The Mountain Fire started on July 15, 2013, in Mountain Center. The original cause of the fire is now being questioned, according to James Nowlin, right, (pictured with Donna Nowlin) a defendant in the federal lawsuit until the DOJ dismissed the case against the Nowlins and Al-Shawaf earlier this month citing “new evidence.” Photo by Halie Wilson

Last week the Town Crier reported that the federal lawsuit stemming from the 2013 Mountain Fire, by which court action the United States sought to recover some $24 million in fire suppression costs and damage to federal wildlands, had been dismissed by the DOJ/U.S. Attorney’s Office without any monetary recovery to U.S. taxpayers. The DOJ/U.S. Attorney’s Office cited “new evidence” as the reason, but it declined to identify that new evidence or offer any further explanation. This raised many questions as to what factors could possibly have influenced the dismissal of the suit.
After reading last week’s Town Crier story, James Nowlin, an employee of Dr. Tarek M. Al-Shawaf (the owner of the Mountain Center property on which the fire began), who was a co-defendant with Al-Shawaf in the lawsuit, came forward to the Town Crier office with more information.
According to Nowlin, between last year’s $5-million settlement of the similar state court lawsuit — brought by Cal Fire for its suppression costs and by private homeowners whose property had been damaged — and this current nonmonetary dismissal of the U.S. Forest Service’s (USFS) federal court lawsuit for its costs and damages, new evidence did indeed come forth.
Nowlin related that the first responders on the scene of the Mountain Fire were two USFS firefighters, who attempted to put it out. The “new evidence,” according to Nowlin, is that attorneys for the federal court defendants had learned that those two USFS firefighters disputed the cause of the Mountain Fire that had been postulated by Cal Fire experts examining the grounds, and the defense counsel sought to obtain their depositions prior to trial.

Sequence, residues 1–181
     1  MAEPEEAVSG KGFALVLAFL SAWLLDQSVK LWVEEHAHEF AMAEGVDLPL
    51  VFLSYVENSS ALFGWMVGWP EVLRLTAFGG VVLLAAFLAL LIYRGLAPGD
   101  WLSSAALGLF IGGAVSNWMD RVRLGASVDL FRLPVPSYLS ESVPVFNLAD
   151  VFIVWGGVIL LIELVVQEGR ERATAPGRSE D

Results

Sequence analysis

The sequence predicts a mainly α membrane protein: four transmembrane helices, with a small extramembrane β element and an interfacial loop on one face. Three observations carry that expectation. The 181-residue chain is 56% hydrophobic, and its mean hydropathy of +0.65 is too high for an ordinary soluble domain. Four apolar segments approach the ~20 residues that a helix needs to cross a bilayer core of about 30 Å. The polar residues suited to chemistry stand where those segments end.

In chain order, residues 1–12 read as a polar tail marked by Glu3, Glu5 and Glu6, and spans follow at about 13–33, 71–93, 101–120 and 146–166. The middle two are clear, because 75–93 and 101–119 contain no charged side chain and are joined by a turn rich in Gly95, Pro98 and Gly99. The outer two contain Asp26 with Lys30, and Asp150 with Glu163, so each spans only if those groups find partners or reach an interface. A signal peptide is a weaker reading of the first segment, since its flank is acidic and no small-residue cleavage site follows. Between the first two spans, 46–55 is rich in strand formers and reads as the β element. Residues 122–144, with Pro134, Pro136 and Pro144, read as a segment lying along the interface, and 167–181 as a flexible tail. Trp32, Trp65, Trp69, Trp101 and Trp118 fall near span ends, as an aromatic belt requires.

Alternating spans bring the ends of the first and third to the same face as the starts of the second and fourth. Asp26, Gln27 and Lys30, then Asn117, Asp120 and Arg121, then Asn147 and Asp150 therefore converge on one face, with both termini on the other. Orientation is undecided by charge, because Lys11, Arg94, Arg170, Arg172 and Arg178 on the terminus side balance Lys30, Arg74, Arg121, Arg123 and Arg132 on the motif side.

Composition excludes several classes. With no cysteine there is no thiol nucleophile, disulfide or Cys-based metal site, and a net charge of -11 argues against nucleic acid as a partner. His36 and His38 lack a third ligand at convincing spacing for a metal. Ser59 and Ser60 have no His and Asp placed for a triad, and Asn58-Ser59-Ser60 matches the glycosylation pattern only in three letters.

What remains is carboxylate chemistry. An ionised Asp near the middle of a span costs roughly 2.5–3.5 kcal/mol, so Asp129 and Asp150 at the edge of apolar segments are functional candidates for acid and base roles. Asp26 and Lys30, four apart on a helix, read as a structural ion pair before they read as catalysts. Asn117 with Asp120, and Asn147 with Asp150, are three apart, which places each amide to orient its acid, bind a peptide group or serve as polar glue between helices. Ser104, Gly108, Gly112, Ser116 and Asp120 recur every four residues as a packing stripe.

Nowlin told the Town Crier that the two USFS firefighters said that the initial blaze they were fighting was actually at a location on the property that Nowlin estimated was about 80 feet from the electrical junction box that Cal Fire experts had deduced was the cause of the fire, and that it burned up to and through the junction box. Such testimony would undermine Cal Fire’s investigative reports that a faulty junction box on the property caused the fire — the essence of the government’s federal case against Al-Shawaf and the Nowlins — so the DOJ/U.S. Attorney decided to dismiss the case against them, Nowlin said.
Last week the Town Crier attempted to confirm this “new evidence” explanation with Zachary Behrens, USFS public information officer, but he informed that since this was a DOJ/U.S. Attorney’s Office lawsuit, he was not permitted to comment, one way or the other.
Captain Fernando Herrera, Cal Fire’s public information officer, told the Town Crier that he personally had no information about the matter. Herrera provided the number of a Cal Fire office in Sacramento that the Town Crier could contact. The Town Crier contacted that office, but has not received a response.
The Town Crier telephoned federal lawsuit defense attorneys James Lance and David Bona, but those calls have not been returned. The Town Crier also contacted Thom Mrozek, the DOJ/U.S. Attorney’s Office public information officer, for what we hope this time will be some further comment.
The Mountain Fire started on July 15, 2013. It destroyed several hill homes and structures and evacuated thousands of residents. The complaint filed by the DOJ/U.S. Attorney’s Office on July 14, 2016, alleged that “[i]nvestigators determined that the Mountain Fire ignited in a plastic electrical junction box on the Gibraltar West property. The junction box housed electrical wires running from the electrical panel of the main house on the property to a water well on the property … The junction box’s lid was warped, not properly secured, and ajar. As a result, an electrical discharge inside the box shot sparks and hot material out of the box and onto dry ground vegetation below.”
The prior-known cause is now in question due to “new evidence” received by the DOJ/U.S. Attorney’s Office.

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